Nelson Hua / Morningside Muckraker
Uber cars and tech startup schools aren’t always places where New Yorkers look for progressive insurgent support, but Tim Wu and his campaign staff meant to challenge the traditional categories. As former campaign manager and CLS ‘12 alumna Nona Farahnik described it, Professor Wu brought an “entrepreneurial free spirit” to his candidacy for lieutenant governor, even as he stuck to his position as a “modern-day trustbuster,” taking aim at the concentration of economic power in our society. Along the way, he’s tried to set an example for students.
“I hope we’re coming to an age where more ordinary people, less in the vein of a professional politician, run for office, and it opens up to more people who haven’t spent their whole life there,” Wu said. “This includes people who are independently talented, and I hope that includes some Columbia law students.”
In that vein, Professor Wu hired a small group of former and current law students for his personal campaign staff . Three of his five staff staffers were CLS alumni, and one was a current student. Though they may have lacked political experience, Wu knew they would make up for it in talent and engagement with important policy issues.
Third-year student Kate Farley said she joined the campaign staff in part because she agreed with Wu’s antitrust platform and his proposal to transform the office of lieutenant governor into a type of public advocate. But perhaps just as importantly, Kate said she was impressed with both his intellectual thoroughness and his political honesty.
“When students asked him a question in Criminal Law exam review, he would go do research on his own, just to make sure the answers were correct and addressed the full subtlety of his students’ questions,” Kate said. “He has a unique ability to synthesize and see trends … and I thought this was important for someone in government, especially someone with influence over state-level enforcement.”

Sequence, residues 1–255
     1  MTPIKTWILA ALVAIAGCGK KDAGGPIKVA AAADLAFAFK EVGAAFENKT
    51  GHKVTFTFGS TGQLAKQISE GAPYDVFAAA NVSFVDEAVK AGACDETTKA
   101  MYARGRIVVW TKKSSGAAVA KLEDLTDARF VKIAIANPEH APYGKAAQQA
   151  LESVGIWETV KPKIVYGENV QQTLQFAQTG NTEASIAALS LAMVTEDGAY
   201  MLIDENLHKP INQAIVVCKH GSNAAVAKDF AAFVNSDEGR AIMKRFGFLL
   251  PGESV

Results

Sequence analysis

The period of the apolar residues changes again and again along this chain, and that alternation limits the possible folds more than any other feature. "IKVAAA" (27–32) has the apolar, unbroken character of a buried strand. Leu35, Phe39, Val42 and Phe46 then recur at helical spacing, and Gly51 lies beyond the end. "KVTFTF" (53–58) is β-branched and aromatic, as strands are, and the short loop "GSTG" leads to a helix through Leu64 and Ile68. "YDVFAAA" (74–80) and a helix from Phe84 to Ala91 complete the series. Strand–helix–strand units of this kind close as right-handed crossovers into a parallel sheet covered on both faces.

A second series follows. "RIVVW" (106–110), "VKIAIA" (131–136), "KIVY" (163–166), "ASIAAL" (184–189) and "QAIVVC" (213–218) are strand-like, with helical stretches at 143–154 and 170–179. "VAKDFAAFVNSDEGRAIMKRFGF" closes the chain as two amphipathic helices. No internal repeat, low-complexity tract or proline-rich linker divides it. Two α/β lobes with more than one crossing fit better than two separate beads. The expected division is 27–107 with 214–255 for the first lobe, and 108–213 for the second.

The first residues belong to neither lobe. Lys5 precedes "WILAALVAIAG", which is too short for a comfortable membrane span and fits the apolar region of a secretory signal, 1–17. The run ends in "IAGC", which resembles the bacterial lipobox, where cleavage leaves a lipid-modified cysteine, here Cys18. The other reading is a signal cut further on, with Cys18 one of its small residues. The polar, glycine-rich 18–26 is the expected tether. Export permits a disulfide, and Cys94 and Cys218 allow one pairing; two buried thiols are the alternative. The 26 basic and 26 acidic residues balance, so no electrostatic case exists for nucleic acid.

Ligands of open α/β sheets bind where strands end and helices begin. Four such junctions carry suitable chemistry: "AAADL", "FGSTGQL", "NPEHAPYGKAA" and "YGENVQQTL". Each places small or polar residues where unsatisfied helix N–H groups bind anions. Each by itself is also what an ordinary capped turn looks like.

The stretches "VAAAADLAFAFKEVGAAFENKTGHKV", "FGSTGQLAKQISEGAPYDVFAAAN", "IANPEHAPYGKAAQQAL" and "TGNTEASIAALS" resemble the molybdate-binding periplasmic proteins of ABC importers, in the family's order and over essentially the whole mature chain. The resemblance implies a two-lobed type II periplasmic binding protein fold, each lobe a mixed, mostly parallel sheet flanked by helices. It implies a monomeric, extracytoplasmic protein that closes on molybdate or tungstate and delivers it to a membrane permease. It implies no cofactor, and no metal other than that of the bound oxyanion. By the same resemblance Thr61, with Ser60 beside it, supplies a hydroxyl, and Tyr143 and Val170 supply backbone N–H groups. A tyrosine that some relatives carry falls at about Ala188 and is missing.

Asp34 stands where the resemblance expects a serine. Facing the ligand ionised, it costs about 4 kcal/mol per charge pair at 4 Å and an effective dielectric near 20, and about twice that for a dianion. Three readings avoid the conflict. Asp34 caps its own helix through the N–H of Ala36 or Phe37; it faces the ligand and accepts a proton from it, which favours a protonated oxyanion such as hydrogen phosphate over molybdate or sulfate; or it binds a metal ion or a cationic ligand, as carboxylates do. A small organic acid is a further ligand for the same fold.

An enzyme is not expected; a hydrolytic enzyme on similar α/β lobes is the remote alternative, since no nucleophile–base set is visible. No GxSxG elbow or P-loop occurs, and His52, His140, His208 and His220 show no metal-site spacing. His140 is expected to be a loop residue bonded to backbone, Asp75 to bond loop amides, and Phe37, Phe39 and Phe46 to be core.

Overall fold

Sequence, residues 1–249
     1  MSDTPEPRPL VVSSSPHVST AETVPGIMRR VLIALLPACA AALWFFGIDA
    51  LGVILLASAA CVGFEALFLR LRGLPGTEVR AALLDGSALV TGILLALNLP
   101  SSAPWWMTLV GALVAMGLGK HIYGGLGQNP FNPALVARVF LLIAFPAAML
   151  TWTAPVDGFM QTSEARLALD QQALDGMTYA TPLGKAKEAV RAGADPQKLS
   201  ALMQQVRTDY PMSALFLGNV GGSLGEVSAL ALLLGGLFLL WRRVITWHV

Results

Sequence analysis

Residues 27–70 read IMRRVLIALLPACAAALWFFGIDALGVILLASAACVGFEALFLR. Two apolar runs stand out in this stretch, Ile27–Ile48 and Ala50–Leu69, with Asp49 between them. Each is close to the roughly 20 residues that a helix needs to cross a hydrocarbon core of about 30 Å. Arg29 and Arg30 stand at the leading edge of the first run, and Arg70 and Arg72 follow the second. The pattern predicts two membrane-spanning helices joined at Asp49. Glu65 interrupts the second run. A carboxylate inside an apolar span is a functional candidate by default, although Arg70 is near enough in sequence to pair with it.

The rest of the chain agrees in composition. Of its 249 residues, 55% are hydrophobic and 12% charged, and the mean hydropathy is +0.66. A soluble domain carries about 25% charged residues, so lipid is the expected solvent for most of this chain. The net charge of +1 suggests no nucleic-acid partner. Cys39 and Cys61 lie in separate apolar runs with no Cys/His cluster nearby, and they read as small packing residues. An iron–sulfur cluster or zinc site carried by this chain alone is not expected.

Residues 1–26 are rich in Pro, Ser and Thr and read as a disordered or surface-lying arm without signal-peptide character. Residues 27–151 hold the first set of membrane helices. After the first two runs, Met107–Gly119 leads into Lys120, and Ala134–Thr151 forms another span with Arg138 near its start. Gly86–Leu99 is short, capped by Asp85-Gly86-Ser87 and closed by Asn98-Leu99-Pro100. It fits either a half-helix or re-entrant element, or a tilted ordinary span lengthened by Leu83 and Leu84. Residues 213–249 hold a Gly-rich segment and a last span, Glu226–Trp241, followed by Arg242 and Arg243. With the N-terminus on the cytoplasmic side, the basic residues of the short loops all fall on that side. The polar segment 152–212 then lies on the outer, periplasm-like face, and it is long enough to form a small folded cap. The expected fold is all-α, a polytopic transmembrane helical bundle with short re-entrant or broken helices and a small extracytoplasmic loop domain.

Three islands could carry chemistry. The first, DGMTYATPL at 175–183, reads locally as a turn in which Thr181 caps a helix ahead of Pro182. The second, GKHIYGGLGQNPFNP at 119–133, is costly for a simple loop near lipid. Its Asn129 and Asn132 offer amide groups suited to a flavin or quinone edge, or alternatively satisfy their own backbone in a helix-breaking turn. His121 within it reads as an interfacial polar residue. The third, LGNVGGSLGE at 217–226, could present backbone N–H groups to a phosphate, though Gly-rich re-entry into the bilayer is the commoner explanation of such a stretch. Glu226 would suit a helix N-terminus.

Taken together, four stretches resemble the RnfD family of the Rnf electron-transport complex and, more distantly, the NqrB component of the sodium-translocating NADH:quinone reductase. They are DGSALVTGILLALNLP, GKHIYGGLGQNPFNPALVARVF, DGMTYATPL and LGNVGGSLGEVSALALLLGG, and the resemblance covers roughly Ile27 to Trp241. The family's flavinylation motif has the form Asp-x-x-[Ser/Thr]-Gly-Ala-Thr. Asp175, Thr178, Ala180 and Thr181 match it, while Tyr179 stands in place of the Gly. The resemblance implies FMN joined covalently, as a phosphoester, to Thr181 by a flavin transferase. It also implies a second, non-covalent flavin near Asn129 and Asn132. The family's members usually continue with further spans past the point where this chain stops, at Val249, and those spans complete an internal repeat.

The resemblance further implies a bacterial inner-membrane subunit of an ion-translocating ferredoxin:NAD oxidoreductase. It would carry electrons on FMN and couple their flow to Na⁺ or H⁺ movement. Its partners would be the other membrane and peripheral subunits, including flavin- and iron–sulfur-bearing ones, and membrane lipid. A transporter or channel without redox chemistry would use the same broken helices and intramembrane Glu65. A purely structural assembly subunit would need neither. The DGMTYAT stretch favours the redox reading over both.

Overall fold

Student and alumni engagement was not limited to the campaign staff. Nona, who was previously a teaching assistant for Professor Wu, said that a fundraiser held on August 14, before the start of most classes, brought together 50 of Wu’s current and former students.
“I think it was an example of how, if you watch carefully, you can get excited about big things,” Wu said.
That excitement hinted at larger successes. On primary day, Wu did particularly well with Manhattan voters, thanks in part to a New York Times endorsement, but also because the campaign may have struck more of a chord in the borough.
“People in Manhattan read the Times,” Nona said, “but a Columbia law professor may resonate more with people there.”
Even so, there were surprises, including some very conservative upstate counties that voted for Wu, and, of course, the disappointing showing in many Brooklyn and Queens precincts, including some strongholds of progressive Mayor Bill De Blasio .
Whatever the odds and alliances, excitement was palpable throughout the campaign, as staffers jumped onto Citi Bikes and into Uber cars to travel to campaign events, Nona said. And it’s not even clear whether Professor Wu’s handful of libertarian tendencies—namely , this startup-like culture and his support for Uber and Airbnb—was what cost him in some progressive precincts.
“His positions were thought out, not based on a political calculus of what would get him the most votes, and I think people responded well to that,” Kate said.
With his primary loss, Professor Wu won’t be transforming the office of lieutenant governor into the role he envisioned next year. Still, he hopes that the campaign will expand students’ ideas of how they fit into the political system, wherever they are in their careers.
“I feel like there are Columbia students who probably are interested but have held back because they feel that they need to be in D.C., but I say to you there are other ways to get involved,” Wu said. “Look and you will find them.”
Disclosure: The author of this piece is a current student in Professor Wu’s anonymously graded Copyright class.